The advent of the social sportsbook

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OddFlex CEO Colin Dew-Becker sits down with Gaming America to discuss the modernization of sports betting via the 'social casino model.'

What is oddFlex and what does being a ‘social sportsbook’ mean?

It’s a free-to-play sport (F2P) betting application that’s actually expanded beyond sports. The general idea is that we’re replicating the real-money experience without having to risk money to get all the thrills from sports betting. We give you free credits on a daily basis; we give you more and more. But as you’re wagering and if you run out and don’t want to wait until the next day to get more, you can purchase them. So that’s the standard social casino model and it works in the sports betting world too.

Although it’s not in our current offering, we’ve been teasing it on our app. Our app is going to focus on betting performance. We have built a bunch of custom metrics, looking beyond win percentage. We’re looking at metrics that measure your ‘true betting count;’ so we have leaderboards that show everything, which means the long-term plan is that we’ll open up a marketplace where you can buy and sell betting information with other users for real money. If you’re really highly ranked on the leaderboards, maybe you’re really good at betting on basketball or you’re on a hot streak on football – whatever it might be. Maybe somebody in the marketplace will give you a dollar to buy all your picks for the next week or day.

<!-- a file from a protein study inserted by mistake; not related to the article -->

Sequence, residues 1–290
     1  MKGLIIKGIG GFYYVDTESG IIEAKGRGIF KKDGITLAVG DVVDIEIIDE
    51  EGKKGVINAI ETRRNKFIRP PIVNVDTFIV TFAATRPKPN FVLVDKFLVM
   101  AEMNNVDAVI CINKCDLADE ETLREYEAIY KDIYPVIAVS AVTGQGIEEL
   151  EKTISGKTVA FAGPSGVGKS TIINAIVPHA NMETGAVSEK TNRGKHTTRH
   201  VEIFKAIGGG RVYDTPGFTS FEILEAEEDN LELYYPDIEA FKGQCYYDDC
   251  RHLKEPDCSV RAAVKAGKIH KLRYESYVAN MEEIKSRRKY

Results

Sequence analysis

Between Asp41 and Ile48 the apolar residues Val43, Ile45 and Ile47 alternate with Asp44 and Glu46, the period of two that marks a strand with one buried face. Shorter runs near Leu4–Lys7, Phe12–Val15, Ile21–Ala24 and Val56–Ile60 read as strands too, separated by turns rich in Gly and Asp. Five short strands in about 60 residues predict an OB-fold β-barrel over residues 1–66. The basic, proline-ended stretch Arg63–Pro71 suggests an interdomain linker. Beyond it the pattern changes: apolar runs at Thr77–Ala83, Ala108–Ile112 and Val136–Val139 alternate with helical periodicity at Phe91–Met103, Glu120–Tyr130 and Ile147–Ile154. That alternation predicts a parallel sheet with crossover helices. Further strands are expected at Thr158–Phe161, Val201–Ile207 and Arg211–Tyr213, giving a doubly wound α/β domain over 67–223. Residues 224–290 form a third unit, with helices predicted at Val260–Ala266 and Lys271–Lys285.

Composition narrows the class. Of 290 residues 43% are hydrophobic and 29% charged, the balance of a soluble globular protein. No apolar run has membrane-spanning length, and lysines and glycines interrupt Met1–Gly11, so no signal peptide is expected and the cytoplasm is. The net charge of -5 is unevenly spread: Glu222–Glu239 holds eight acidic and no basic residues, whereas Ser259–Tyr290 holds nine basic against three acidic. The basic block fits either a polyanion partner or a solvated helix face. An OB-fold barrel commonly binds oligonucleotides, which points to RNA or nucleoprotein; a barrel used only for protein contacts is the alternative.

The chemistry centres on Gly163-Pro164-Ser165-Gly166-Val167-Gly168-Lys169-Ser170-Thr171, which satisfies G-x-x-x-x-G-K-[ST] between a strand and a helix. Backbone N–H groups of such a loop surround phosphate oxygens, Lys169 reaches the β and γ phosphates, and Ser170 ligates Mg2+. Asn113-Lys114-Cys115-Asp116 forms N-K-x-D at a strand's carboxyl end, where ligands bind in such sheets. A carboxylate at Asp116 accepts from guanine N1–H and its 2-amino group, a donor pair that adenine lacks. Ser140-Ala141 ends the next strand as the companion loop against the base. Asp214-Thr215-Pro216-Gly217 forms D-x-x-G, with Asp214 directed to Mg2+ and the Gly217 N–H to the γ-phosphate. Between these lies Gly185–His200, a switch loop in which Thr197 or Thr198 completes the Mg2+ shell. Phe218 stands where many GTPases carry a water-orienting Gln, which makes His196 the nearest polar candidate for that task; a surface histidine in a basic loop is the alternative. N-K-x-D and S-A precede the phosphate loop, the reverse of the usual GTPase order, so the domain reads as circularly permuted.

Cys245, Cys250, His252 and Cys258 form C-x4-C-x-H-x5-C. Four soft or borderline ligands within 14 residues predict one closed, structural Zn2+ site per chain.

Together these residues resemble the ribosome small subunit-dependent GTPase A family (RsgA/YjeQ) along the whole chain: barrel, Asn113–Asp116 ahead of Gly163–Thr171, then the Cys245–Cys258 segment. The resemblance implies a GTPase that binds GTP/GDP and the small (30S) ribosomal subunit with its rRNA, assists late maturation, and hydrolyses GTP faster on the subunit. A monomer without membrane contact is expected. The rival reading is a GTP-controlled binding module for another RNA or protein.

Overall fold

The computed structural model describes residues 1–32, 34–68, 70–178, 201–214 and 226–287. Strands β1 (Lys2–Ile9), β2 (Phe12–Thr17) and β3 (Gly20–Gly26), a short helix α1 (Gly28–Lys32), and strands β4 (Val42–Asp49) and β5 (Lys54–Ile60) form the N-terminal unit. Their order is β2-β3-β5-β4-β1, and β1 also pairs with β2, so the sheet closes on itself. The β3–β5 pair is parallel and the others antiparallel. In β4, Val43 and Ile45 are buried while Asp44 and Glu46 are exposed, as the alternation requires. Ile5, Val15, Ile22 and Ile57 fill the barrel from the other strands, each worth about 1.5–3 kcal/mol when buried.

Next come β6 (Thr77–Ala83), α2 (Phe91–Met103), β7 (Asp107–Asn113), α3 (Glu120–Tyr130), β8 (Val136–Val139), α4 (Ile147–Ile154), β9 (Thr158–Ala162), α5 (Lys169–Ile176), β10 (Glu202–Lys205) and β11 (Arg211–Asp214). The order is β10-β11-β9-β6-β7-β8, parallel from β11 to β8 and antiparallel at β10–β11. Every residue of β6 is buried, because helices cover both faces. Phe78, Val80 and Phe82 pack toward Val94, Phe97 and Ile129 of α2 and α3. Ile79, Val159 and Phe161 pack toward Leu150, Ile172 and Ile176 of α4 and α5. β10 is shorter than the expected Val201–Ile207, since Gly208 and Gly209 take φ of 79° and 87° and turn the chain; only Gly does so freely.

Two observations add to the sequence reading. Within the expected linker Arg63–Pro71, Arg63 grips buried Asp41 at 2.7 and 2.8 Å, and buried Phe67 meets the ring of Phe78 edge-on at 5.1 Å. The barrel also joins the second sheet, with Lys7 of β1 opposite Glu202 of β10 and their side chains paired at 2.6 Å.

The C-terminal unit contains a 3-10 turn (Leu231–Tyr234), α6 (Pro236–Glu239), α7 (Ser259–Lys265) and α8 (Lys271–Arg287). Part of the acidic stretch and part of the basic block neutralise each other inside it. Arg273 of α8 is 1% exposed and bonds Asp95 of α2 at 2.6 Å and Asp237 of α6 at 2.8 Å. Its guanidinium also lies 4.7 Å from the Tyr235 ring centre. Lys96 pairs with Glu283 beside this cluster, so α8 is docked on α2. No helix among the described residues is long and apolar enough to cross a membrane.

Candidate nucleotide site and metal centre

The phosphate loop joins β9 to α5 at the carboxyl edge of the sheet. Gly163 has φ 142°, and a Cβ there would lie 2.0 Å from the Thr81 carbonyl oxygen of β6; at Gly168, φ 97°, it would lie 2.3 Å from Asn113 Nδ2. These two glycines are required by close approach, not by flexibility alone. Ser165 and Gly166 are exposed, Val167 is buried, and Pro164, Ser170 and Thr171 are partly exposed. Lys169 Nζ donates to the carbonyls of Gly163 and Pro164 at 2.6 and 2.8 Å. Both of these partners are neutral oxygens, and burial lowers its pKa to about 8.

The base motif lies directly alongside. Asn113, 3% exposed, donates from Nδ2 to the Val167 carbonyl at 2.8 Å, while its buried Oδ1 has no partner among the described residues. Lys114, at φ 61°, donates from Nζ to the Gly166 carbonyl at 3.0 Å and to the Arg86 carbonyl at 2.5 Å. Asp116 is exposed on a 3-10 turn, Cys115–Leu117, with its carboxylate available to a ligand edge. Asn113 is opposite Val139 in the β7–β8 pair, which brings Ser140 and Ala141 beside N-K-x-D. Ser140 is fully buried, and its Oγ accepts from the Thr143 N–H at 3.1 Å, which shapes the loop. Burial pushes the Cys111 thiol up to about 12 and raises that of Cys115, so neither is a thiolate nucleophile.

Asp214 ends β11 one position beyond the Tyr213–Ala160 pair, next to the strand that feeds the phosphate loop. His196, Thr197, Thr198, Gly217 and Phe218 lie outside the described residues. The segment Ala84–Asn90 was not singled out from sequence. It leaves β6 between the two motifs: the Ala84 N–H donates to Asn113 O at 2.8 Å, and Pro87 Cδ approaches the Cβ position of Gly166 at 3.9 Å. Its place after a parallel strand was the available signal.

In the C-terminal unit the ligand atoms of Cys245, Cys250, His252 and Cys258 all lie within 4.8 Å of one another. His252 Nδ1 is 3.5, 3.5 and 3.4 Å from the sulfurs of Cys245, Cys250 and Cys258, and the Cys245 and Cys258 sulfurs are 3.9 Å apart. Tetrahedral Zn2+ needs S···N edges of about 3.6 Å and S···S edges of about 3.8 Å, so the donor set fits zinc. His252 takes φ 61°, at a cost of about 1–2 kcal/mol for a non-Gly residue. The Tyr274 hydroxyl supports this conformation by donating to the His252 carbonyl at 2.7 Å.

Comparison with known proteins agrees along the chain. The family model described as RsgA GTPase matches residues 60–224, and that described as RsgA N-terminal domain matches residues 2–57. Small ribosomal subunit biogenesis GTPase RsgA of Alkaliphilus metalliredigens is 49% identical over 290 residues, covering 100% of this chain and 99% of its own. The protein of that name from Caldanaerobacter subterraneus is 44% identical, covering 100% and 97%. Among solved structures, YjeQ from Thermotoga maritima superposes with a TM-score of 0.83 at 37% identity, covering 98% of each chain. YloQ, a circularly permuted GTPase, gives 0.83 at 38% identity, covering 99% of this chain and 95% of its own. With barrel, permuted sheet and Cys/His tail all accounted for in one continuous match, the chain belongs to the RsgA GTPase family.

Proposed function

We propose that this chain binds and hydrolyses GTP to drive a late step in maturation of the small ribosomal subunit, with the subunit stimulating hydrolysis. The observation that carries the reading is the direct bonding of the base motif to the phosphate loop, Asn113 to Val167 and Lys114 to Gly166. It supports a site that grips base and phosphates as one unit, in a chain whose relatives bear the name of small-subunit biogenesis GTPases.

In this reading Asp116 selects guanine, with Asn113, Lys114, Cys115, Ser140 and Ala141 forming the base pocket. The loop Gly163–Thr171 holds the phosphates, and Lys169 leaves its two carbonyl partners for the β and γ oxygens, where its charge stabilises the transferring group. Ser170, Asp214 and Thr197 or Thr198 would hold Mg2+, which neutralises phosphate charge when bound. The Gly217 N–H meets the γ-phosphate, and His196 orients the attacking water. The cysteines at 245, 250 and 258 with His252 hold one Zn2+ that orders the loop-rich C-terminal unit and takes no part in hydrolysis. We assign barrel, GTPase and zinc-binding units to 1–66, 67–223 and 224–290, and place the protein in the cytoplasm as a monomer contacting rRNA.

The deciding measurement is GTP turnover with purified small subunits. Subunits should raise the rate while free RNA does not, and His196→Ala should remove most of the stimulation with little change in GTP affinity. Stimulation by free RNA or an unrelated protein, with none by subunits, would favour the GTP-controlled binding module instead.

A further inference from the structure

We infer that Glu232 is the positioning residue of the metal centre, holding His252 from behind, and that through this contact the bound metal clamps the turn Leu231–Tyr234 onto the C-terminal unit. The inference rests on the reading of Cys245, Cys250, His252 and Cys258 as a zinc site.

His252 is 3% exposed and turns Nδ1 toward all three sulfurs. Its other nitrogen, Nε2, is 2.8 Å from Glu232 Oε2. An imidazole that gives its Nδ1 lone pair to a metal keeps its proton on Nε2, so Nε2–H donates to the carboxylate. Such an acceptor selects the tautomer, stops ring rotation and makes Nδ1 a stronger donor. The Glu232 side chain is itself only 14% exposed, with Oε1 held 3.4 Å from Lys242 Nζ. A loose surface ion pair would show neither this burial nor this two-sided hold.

I know in Europe these services have been around for a long time but my general experience with them has been negative. They’ve been scams or hard to verify exactly what’s going on, so we’re trying to lean into the transparency part where you can see every single bet the user that you’re buying from has ever placed. You have all these metrics that rank them against everybody else and can be filtered by sport and bet type and everything else. So in theory we’re trying to improve on experience and make it more legitimate.

The test is going to be whether other people who are decent at sports betting will be on here and other people will want to buy their betting pick. Will people react to someone being ‘hot’ or on a streak? Are they willing to pay a dollar or five dollars?

One of the things we’re starting to do is look for partnerships with sports leagues, social groups, sports bars and entertainment venues, where we can create any betting market on anything."

We wanted to ask about the breadth of sports on oddFlex. Are you trying to get sports bettors into other sports, say NFL fans into soccer?